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Bose QuietComfort 15
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I'm after something to put behind a pair of Bose QuietComfort 15 headphones. My house is far from a perfect environment for listening to music, so Grado's etc, are out, (although I might get some SR80i headphones to listen to when the kids are asleep!) I understand that the QC 15s can sound rather bright, so what I want is a CD player that will make a good partner. I just need a CD player and some headphones, and possibly a headphone amp. The Marantz SA7003 claims to have a high-quality headphone out, but would this sound better than a CD6003 and a Graham Slee Novo? I don't own any SACDs, so the CD6003 would be fine from that point of view. How good is the headphone out on the SA7003 likely to be?

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Re: Bose QuietComfort 15

Hi. Your thread title suggests a question about the Bose, but you are more interested in an amp. i would repost the question in the main hifi section of the forum asking for amp recommendations including specifically about using headphones.

I do not think the the Bose sound bright. My experience of them is that they have the Bose sound where the bass, middle midrange and higher treble sound great, but something is lacking in-between.  So they are not bright as in over emphasising the treble. They do have a forward sound which is detailed and compared to headphones tuned for DJs and bass, they may sound bright, but they are much better.

My guess regarding the amps is that the integrates will sound so similar, you need not worry and sound go with price, reviews, style and connectivity.

Anonymous
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Re: Bose QuietComfort 15

Thanks for the info - you're right, it's probably the amp more than the headphones that I'm interested in. However, I read somewhere in the last couple of days that the Bose cancel noise, not sound - meaning that they will minimise any constant noises (an aeroplane or car engine, for example) but not intermittent sounds (e.g. speech). If I'm just sitting in a room with the TV on what kind of reduction am I likely to get from these sounds? (Obviously it's not just me in the room - oftentimes my partner wants to watch the TV whilst I'd prefer to listen to some music). Should I just get a big pair of closed-back Audio Technica cans and turn up the volume, or move to a bigger house with a soundproofed listening room! I get the feeling that I'm expecting more of the Bose than they're capable of. Any advice would be much appreciated.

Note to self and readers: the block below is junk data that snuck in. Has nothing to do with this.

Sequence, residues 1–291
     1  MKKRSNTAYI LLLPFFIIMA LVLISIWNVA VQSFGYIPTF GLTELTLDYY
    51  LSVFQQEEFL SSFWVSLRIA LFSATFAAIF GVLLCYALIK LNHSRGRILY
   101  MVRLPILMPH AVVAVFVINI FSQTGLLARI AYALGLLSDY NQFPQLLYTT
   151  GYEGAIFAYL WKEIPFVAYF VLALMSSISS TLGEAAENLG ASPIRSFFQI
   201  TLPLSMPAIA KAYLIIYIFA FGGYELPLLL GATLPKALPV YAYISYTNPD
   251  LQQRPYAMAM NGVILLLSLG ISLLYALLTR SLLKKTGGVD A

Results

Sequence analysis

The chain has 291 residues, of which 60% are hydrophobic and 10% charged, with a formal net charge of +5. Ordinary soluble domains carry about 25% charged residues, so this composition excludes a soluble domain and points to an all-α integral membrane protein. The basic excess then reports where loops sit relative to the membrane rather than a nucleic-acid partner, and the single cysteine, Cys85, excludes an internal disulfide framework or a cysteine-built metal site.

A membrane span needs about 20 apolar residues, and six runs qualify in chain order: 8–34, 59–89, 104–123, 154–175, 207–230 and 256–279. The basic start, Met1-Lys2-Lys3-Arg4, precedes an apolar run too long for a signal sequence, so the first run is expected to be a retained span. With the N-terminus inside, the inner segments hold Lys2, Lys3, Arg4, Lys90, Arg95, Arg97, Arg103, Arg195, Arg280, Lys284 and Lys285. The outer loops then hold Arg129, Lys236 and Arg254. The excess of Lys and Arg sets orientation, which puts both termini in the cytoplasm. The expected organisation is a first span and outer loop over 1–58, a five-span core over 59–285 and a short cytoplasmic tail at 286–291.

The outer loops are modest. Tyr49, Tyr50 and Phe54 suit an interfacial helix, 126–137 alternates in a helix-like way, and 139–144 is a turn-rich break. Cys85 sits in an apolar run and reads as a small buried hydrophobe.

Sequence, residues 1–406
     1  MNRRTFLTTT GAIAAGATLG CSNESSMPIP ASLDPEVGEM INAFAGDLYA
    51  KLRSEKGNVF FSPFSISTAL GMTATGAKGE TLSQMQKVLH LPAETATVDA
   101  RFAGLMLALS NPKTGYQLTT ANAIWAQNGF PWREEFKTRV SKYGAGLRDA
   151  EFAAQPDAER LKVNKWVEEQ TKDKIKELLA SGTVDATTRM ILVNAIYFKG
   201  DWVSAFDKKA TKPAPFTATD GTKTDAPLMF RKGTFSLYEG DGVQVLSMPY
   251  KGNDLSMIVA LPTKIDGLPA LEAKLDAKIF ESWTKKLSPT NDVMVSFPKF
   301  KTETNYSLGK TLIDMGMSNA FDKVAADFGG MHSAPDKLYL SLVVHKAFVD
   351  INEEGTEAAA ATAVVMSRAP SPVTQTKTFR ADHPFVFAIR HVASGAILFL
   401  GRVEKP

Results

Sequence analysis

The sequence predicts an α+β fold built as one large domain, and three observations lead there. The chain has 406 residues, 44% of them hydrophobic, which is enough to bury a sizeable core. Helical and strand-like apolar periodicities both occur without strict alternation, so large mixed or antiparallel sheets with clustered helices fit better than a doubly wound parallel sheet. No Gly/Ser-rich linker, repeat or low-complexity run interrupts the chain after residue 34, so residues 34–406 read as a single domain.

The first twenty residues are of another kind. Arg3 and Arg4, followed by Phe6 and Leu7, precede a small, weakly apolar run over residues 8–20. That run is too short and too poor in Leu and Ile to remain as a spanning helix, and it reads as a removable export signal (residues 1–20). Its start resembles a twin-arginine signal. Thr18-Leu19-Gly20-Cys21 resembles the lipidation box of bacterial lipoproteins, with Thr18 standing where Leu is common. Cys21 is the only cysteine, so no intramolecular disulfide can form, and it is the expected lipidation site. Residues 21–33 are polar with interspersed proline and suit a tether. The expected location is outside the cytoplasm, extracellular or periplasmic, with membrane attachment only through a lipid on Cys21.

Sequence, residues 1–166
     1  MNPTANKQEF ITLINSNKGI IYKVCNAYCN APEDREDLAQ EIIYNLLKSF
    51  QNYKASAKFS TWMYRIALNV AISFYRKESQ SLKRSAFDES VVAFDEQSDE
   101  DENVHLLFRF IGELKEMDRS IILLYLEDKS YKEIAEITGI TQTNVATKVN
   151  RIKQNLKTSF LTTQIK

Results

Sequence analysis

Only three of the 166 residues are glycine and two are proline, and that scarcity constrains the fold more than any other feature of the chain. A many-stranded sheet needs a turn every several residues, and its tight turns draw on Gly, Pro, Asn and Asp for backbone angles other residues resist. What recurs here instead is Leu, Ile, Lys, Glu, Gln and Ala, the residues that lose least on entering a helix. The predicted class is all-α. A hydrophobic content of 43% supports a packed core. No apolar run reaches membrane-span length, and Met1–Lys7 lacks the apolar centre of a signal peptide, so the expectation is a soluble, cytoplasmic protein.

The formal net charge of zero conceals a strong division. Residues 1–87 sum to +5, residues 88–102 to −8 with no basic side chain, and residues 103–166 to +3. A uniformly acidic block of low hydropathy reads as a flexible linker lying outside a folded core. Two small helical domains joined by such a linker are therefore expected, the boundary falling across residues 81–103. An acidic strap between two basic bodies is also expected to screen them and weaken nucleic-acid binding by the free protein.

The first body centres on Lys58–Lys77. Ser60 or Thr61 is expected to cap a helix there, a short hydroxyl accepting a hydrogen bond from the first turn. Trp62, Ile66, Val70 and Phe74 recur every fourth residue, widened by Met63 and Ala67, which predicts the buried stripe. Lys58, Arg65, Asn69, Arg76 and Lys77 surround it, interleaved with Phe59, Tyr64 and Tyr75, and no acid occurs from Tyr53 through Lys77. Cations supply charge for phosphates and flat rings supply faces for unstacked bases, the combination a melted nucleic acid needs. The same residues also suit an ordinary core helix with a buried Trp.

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Re: Bose QuietComfort 15

Closed backed cans with no noise reduction will isolate you fine from TV noise. The main complaint is more likely that you are disturbing others with the noise from your headphones. By repute, the AKG K271 MkII leak the least amount of sound. Since they are more padded than my K44s, they are likely to provide you with a high level of isolation.

One disadvantage of the Bose is that they only work with noise reduction on. Other NR headphone such as the Goldring NS1000 work as closed backed as well as NR headphones.

My experience of the Bose is that they worked well in a couple of auditions in an Apple shop with background music and people talking.

I would avoid closed backed cans and upping the volume as a fear for your ears!

Anonymous
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Re: Bose QuietComfort 15

Many thanks indeed, some very useful points to consider, particularly about not ruining my hearing! Thanks especially for the heads-up about the AKG K271 MkII headphones, I think they're just what I'm after - and it looks like I can pick up a pair for about £100 (given that you've just saved me nearly £200, if we ever meet then remind me that I owe you a beer). From what I've read on the AKG website it looks like they're designed to be used to keep outside noise out, and headphone noise in - perfect. I know there are a lot of in-ear isolating headphones, but there's just something so psychologially comforting about wearing a chunky pair of cans that music wouldn't seem the same without them - hope that doesn't reveal some dark Freudian issue lurking in my subconscious! Many thanks idc.

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